Anspach, Jeanne Louise Pol. Science R.D. 1, Grantville, Pa. 

Arndt, Patrick Joseph Pol. Science R.D. 2, Box 569, Palmyra, Pa. 

Atkinson, Robert Douglas Undecided 37 Park St., Carbondale, Pa. 

Axman, Stephen Julius Econ. & Bus. Ad 19 Vermont St., 

Huntington Station, N. Y. 

Bair, Leslie Farrell Biology 1049 Swarthmore Rd., New Cumberland, Pa. 

Baker, Kenneth Melvin Biology 148 S. Landis St., Hummelstown, Pa. 

Barbaccia, Stephen Louis Pol. Science Dahliadel Dr., Vineland, X. J. 

Bartholomew, David Elwood ...Biology 340 Cottage Place, Red Lion, Pa. 

Basta, Richard Edward Econ. & Bus. Ad. . .648 Monmouth Ave., Kenilworth, N. J. 

Bell, Linda Ann Chemistry 58 S. Landon Ave., Kingston, Pa. 

Bemesderfer, Loris Paul Undecided 435 N. "D" St., Hamilton, Ohio 

Bender, Barry Lee Biology 53 Alva Dr., Harrisburg, Pa. 

Berglund, Stephen William ....Mathematics 4144 Joshua Rd., Lafayette Hill, Pa. 

Biehler, Arthur Francis, Jr Mathematics 77 Lake Rd., Demarest, N. J. 

Biever, John Albert Undecided 1703 Center St., Lebanon, Pa. 

Bishop, Ellen Jane History 1 728 Olive St., Reading, Pa. 

Blackstone, Douglas Brian ....Music Ed 423 Parkside Rd., Camp Hill, Pa. 

Bland, William Keith Music Shepherdstown, W. Va. 

Blatt, Carol Ann Elem. Ed R.D. 1, Leesport, Pa. 

Bonnefond, James Louis Pol. Science 101 Warwick St., Bloomfield, N. J. 

Bower, Richard William Biology ....4705 Henry Hudson Pkwy, Riverdale, N. Y. 

Bowman, Karen Lynn Mathematics 1509 Sand Hill Rd., Lebanon, Pa. 

Brandsberg, Steven Richard ....Chemistry . . . . Longwood Park Ave., S. Plainfield, N. J. 

Brandt, Miriam Eileen English R.D. 4, Lebanon, Pa. 

Brennan, Peter Edward Biology 47 Nassau Rd., Great Neck, N. Y. 

Bright, Linda Eberly Undecided 880 S. Harrison St., Palmyra, Pa. 

Bross, Thomas Ray Physics R.D. 2, Lebanon, Pa. 

Brothman, Gayle Vern Biology 59 Village Line Rd., Babylon, N. Y. 

Brown, Edward Robert Biology 22 Guilford St., Lebanon, Pa.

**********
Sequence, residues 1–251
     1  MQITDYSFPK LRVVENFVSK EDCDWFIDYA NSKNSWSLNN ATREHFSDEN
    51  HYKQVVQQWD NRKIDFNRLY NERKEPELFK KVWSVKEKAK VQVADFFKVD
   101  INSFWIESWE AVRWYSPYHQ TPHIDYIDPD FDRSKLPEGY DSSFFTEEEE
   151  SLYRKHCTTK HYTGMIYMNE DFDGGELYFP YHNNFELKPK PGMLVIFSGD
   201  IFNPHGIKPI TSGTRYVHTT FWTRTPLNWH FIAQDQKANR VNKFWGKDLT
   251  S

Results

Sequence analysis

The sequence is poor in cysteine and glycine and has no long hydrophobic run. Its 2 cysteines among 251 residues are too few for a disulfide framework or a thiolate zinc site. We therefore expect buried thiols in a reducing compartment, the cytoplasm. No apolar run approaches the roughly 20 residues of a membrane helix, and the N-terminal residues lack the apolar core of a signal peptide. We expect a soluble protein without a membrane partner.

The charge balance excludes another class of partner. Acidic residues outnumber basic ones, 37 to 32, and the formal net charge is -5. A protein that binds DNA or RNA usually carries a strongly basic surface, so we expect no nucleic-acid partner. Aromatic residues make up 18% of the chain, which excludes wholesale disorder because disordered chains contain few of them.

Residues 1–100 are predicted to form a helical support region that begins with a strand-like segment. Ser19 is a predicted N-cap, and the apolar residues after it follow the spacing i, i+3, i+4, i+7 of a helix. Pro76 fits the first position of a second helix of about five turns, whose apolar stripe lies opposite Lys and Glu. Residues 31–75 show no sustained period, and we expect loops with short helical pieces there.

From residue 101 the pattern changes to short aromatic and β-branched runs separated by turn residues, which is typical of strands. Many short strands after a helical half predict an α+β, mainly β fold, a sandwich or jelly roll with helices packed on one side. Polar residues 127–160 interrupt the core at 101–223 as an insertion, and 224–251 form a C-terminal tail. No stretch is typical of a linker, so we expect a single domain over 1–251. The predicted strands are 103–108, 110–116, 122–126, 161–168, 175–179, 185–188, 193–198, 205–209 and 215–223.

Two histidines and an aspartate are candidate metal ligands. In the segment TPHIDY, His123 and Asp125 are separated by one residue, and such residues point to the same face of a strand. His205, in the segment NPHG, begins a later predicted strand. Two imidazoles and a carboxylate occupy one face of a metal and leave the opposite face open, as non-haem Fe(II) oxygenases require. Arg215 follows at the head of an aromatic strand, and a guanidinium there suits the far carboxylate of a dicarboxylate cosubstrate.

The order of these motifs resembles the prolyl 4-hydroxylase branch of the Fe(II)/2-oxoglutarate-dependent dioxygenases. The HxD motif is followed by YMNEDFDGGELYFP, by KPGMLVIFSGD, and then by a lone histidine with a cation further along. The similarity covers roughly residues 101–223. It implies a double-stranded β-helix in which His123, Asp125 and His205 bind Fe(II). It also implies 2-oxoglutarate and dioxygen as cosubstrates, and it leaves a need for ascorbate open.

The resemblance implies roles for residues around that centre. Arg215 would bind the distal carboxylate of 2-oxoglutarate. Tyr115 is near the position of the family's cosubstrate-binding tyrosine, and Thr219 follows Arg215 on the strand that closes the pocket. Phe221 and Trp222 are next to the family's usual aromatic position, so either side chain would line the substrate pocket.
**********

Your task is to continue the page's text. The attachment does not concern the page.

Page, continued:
Brubaker, David Allan Mathematics 106 Pennsylvania Ave., Carlisle, Pa. 

Bryden, Doris Elaine Biology R.D. 1, Clarks Summit, Pa. 

Bryniarski, Kathleen Ann Biology 418 S. 15th St., Reading, Pa. 

Buchanan, Deborra Ellen Biology 2511 Gettysburg Rd., Camp Hill, Pa. 

Buchanan, Patricia Ann Elem. Ed 401 Avenue E., Matamoras, Pa. 

Buchmoyer, Patricia Funk Elem. Ed R.D. 4, Lebanon, Pa. 

Bunting, Kenneth Paul Undecided 220 Dorn Ave., Middlesex, N. J. 

Burkholder, John Dean Mathematics R.D. 3, Lititz, Pa. 

Burklew, Kenneth Raymond ....Mathematics 130 N. Reservoir St., Lancaster, Pa. 

Bush, Ronald Leslie Psychology W. Erie St., Ext., Linesville, Pa. 

Cameron, Carole Collins Music Ed 1430 Hamilton Blvd., Hagerstown, Md. 

Campbell, Michael Jeffrey Music Ed 16 Academy Drive East, Whippany, N. J. 

Campbell, William Edward Undecided 500 W. Main St., Hummelstown, Pa. 

Carnathon, Polly Julia Music Ed R.D. 1, St. Thomas, Pa. 

Cerutti, Diane Florence Music Ed 455 Mountain Ave., Westwood, N. J. 

Cestone, Joanne Music Ed 451 River Rd., Hanover, N. J. 

Chase, Grace Suzanne Elem. Ed 106 Stratton Dr., 

Canterbury Hills, Hockessin, Del. 

Chell, Patricia Anne Sociology 225 Rollingfield Rd., Baltimore, Md. 

Clemens, Thomas Michael Biology 1006 Colebrook Rd., Lebanon, Pa. 

Clipp, Albert Linden Philosophy 1065 Jefferson Blvd., Hagerstown, Md. 

Condon, Karen Lorraine Med. Tech 2003 Swatara St., Harrisburg, Pa. 

183 



FRESHMEN, 1965-66 

Name Major Address 

Conway, Jeffrey Lynn Music Ed R.D. 1 , Dallastown, Pa. 

Croesus, Lloyd John Chemistry 38 N. 12th St., Lebanon, Pa. 

Davis, James Francis History E 65 Hemlock Dr., Paramus, N. J. 

Deaven, Shirley Marie Elem. Ed R.D. 2, Jonestown, Pa. 

Decker, Bruce Richard Biology 246 Crum Creek Dr., Woodlyn, Pa. 

Demmy, Thomas William Econ. & Bus. Ad 584 S. Lincoln Ave., Lebanon, Pa. 

Detwiler, Frederick Emery Religion 8 W. Dewart St., Shamokin, Pa. 

Ditzler, James Howard Undecided R.D. 2, Box 350, Jonestown, Pa. 

Dorcsis, Elaine Marie Med. Tech R.D. 2, Phillipsburg, N. J. 

Dunne, Lucille Patricia Chemistry 35 Lehman St., Lebanon, Pa. 

Dunne, Raymond George Econ. & Bus. Ad 212 Staley Ave., Collingdale, Pa. 

Eastman, Maryann Biology 493 Maplewood Rd., Springfield, Pa. 

Ebert, William Chemistry 117 Arthur Place, Iselin, N. J. 

Eicher, Linda Lee Psychology 396 Terhune Rd., Princeton, N. J. 

Eisenhart, William Burk Econ. & Bus. Ad 40 Ridge Rd., Media, Pa. 

Eisenhower, Lin David Chemistry Bethel, Pa. 

English, Albert James Biology Windsor, N. J. 

Erdman, Gregory Lee Econ. & Bus. Ad 724 Market St., Lykens, Pa. 

Erff, Charles Gregory Econ. & Bus. Ad 923 Ainsworth St., Linden N. J. 

Esdale, Sally Joanne Undecided 247 Humiston Circle, Thomaston, Conn. 

Evans, James Thomas Undecided 524 N. 9th St., Lebanon, Pa. 

Falato, Thomas John Spanish 76 Palisade Ave., Emerson, N. J. 

Fauber, Stephanie Jo Chemistry 405 Orchard Lane, Manheim, Pa. 

Fisher, Rosalee Flora Chemistry R.D. 1, Etters, Pa.